The New Visa Alphabet Soup (July 11, 2013, World of Chinese)

The new visa regulations have been hotly discussed across the internet, and even with a handy before-and-after chart, there are some questions about their implementation and specifics. The new visa letters, from C to Z, taken from the Chinese Foreigners Entry and Exit Management Regulations, are listed below.

China plans to further restrict car purchases (July 11, 2013, AP)

China plans to increase the number of cities that restrict vehicle purchases in a bid to fight pollution and traffic congestion, state media reported Thursday. With more than 13 million cars sold in China last year, motor vehicles and their emissions have emerged as the chief culprit for the air pollution in large cities. Four cities, including Beijing and Shanghai, already curb the purchase of vehicles for private use, through lotteries and auctions of a limited number of license plates.

Search for China landslide missing in Sichuan (July 11, 2013, BBC)

The death toll from a landslide caused by heavy rain in China's Sichuan province has risen to 12, state media report, with 11 people still missing. Wednesday's landslide in Dujiangyan city covered an area of two sq km (0.8 sq miles), reports say. It followed days of bad weather that has led to flooding which has damaged hundreds of homes in southwest China. The weather has forced the evacuation of more than 36,000 people in Sichuan and Yunnan provinces.

Photos: Rains Wreak Havoc in China (Jully 11, 2013, China Real Time)

And the Newest Country to Court Rich Chinese Immigrants Is (July 11, 2013, China Real Time)

Countries in southern Europe are tripping over themselves in the competition to woo wealthy Chinese investors looking to buy property in exchange for a resident visa. The latest entrant into the international house-for-visa market: Greece, which is currently rolling out a new program that will offer renewable five-year resident visas to foreigners who spend at least 250,000 ($328,000) on residential real estate.


Pollution Leads to Drop in Life Span in Northern China, Research Finds (July 8, 2013, The New York Times)

Southern Chinese on average have lived at least five years longer than their northern counterparts in recent decades because of the destructive health effects of pollution from the widespread use of coal in the north, according to a study released Monday by a prominent American science journal.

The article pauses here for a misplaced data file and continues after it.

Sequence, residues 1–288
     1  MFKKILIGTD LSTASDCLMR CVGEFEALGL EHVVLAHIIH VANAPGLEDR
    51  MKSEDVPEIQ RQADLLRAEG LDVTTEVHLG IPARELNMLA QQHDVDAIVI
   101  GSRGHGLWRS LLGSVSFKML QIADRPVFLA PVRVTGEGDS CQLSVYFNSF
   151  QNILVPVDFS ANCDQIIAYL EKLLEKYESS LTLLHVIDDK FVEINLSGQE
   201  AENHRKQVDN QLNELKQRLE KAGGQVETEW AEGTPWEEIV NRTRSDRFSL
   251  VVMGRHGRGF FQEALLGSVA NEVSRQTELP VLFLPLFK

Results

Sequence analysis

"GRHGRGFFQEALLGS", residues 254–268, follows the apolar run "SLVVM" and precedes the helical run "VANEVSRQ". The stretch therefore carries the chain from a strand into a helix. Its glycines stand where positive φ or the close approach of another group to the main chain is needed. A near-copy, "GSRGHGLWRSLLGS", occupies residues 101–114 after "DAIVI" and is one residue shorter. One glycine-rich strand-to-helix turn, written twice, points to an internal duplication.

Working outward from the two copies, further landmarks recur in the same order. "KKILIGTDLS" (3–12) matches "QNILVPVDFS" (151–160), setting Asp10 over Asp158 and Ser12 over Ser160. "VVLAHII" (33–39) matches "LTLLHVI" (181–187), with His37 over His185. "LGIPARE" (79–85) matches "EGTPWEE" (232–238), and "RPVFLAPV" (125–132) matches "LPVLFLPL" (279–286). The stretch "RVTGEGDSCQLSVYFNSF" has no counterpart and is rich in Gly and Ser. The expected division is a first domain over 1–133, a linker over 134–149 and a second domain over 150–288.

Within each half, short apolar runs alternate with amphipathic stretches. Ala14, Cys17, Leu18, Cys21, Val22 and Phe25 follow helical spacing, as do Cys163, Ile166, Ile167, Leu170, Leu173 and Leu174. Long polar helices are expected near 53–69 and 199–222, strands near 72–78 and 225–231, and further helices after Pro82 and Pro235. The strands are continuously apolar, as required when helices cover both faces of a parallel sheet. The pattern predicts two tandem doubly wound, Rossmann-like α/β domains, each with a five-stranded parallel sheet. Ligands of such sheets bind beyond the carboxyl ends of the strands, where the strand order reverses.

Chicken feet scandal scares public (July 10, 2013, Xinhua)

A food scandal involving chicken feet has led to public concern in China after it emerged products had been stored in a freezer for nearly half a century. Police in Nanning, capital of south China's Guangxi Zhuang Autonomous Region, on Friday said they had confiscated more than 20 tonnes of low-quality long-expired chicken feet from a frozen meat warehouse. Chicken feet, or fengzhao in Chinese, are a popular delicacy. They are often served as a cold dish eaten with a beer. The chicken feet, some of which were 46-years-old, have caused anger among Internet users.

China introduces fair organ distribution system (July 10, 2013, Xinhua)

A new system for the management and distribution of donated human organs will soon go into operation nationwide, a health official said Wednesday. Technical means will be used to monitor human intervention in organ distribution, Deng Haihua, spokesman for the National Health and Family Planning Commission (NHFPC), said at a Wednesday press conference. The system has been in development since 2010, Deng said, adding that the system is ready to go into use nationwide after successful trials. All patients currently on organ waiting lists will be ranked according to their degree of need, he said.

China confirms 132 H7N9 cases, 43 deaths (July 10, 2013, Xinhua)

A total of 132 H7N9 avian flu cases have been reported on the Chinese mainland, including 43 that have ended in death, according to an update released Wednesday by health authorities. Of the total, 85 H7N9 patients have been discharged from hospitals after receiving treatment. The other patients are being treated in hospitals, according to the National Health and Family Planning Commission. The H7N9 infections cover 40 cities in 10 provincial regions, the commission said in a statement.